In addition to the mission statement, some schools have formulated a "promise statement" — what the school "promises" parents it will develop in their children for their sizable investment. Independent School Management prescribes two other "purpose and outcome statements" in addition to the mission statement: (1) the Portrait of the Graduate and (2) Standards of Professional Excellence.1 Other documents that may be consulted include the school's strategic plan, the statement of philosophy or overview of the school's academic curriculum (usually at the beginning of the school's curriculum guide), the latest school self-study in preparation for the formal evaluation, the report of the accreditation visiting committee, and any documents prepared by the school in response to the report.

Step 2: Examine relevant educational material.

This is an optional step; however, it's one that can be very useful to the committee members if they are not in the habit of reading the latest educational literature. In our case, I prepared a book of readings incorporating some 40 articles mainly from Education Week, Independent School, and online educational sources covering the following major subject areas: 21st-century knowledge, skills, and attitudes; the purposes of curriculum; specific academic disciplines; technology and education; pedagogy; and education innovation in the U.S. and other nations.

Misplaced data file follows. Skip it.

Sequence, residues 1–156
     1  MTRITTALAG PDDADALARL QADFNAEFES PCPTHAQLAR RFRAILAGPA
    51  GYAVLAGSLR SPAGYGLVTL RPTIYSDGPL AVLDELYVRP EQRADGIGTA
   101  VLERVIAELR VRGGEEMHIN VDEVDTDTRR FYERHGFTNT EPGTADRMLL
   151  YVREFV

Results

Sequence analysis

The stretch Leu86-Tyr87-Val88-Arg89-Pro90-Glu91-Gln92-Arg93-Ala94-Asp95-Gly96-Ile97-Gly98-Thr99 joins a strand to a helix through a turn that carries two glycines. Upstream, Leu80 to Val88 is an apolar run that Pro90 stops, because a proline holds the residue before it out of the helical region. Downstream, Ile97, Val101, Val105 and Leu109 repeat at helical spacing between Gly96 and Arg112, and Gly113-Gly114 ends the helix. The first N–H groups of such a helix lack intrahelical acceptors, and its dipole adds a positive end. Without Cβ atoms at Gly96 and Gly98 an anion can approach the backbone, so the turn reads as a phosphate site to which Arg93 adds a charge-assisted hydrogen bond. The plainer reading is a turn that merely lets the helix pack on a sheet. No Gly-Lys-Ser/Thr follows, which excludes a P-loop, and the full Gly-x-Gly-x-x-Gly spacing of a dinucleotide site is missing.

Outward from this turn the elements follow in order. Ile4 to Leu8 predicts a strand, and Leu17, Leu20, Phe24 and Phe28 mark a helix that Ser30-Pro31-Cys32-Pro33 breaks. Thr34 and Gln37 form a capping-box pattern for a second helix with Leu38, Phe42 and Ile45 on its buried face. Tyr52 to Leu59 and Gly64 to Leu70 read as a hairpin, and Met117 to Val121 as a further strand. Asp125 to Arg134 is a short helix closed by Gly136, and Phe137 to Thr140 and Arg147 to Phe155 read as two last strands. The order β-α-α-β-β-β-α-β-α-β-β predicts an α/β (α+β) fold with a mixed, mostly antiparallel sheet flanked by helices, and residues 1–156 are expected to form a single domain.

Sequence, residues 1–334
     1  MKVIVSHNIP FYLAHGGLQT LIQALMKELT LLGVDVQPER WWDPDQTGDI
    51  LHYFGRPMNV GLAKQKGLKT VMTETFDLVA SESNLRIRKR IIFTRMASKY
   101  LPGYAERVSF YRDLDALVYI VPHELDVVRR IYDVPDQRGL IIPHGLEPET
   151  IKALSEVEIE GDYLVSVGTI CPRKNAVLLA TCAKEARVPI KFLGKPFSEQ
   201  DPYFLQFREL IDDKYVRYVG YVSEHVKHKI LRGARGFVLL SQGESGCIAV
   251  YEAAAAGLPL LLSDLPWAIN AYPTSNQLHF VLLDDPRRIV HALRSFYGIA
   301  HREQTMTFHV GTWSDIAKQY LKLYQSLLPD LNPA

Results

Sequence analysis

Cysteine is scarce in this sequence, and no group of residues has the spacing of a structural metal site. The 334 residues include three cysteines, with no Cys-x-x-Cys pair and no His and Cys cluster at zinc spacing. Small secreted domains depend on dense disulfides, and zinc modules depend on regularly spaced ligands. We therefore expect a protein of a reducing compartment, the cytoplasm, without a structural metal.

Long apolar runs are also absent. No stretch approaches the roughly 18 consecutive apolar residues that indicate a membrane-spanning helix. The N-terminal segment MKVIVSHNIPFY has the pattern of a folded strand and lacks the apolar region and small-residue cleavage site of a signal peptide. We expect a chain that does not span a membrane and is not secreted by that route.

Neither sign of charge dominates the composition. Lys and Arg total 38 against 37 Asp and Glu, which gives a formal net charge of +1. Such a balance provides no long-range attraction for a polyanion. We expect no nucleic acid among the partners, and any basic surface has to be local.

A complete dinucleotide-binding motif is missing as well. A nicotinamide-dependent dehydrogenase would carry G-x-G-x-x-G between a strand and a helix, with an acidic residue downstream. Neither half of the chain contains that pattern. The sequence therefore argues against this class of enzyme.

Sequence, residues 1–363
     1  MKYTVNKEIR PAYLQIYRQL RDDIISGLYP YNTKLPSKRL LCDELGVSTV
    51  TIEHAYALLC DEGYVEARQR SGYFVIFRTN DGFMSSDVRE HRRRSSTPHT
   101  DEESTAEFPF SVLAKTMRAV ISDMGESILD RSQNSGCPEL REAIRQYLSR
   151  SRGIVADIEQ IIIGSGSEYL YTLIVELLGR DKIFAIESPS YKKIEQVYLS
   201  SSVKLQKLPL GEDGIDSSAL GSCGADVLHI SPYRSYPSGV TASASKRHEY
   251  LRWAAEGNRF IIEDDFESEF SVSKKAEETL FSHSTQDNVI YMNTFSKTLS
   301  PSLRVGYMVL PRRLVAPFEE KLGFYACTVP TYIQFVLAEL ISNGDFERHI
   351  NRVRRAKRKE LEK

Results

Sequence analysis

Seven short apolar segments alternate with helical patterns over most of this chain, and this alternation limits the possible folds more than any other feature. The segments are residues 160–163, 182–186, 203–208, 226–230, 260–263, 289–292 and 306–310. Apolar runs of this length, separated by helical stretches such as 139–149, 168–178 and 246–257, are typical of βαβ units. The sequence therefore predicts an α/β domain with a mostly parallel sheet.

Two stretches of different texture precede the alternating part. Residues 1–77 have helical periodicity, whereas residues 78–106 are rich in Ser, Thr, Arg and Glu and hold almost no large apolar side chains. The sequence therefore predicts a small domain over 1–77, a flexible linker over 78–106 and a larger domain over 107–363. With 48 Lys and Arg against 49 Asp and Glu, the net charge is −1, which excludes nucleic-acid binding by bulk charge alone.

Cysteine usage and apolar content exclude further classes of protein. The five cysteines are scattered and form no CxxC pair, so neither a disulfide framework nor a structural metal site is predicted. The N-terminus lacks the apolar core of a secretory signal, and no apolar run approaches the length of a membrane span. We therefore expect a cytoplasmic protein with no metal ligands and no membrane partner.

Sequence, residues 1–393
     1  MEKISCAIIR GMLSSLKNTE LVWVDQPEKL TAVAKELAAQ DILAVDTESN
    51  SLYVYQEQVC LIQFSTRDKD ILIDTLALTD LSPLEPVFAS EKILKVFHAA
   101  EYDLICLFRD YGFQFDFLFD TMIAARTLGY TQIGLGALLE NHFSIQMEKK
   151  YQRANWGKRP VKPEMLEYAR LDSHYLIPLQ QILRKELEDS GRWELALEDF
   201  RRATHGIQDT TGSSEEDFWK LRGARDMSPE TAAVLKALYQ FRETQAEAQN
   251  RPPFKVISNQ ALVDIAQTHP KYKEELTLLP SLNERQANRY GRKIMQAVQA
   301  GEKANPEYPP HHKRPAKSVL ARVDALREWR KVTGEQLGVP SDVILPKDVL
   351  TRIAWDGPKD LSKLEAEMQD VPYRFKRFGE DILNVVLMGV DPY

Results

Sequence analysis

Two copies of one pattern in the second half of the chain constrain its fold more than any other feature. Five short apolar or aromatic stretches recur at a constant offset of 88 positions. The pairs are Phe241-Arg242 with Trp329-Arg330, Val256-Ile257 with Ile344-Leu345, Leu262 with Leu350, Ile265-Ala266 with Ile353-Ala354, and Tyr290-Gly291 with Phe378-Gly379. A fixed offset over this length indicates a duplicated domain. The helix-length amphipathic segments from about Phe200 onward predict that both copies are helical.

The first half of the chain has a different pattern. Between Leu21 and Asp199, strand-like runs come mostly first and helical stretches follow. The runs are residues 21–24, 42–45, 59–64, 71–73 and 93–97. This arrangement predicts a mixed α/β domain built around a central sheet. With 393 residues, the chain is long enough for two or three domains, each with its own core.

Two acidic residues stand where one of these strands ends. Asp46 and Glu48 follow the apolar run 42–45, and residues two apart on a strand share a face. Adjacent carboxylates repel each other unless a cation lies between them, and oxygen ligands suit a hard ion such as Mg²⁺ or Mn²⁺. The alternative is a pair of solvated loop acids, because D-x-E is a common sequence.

Step 3: Survey alumni.

While certainly not mandatory, this step can help generate useful information from former students who actually experienced the school's entire program. The survey does not have to be long. The school's development office can help provide the necessary contact information once decisions are made concerning how wide a net to cast. With just a handful of key questions, the survey can produce information, not on what the academic program is supposed to do, but rather on what it has actually done for students.

Step 4: Collect information on peer schools.

With guidance from the headmaster on the most relevant peer schools, the chair may ask committee members to accomplish this or, to spread the workload, may assign this to the academic department heads. The latter approach allows the collateral benefit of forcing all department heads to undertake the healthy exercise of reviewing the comparable programs of the peer schools.

Step 5: Prepare an academic portrait on an ideal graduate.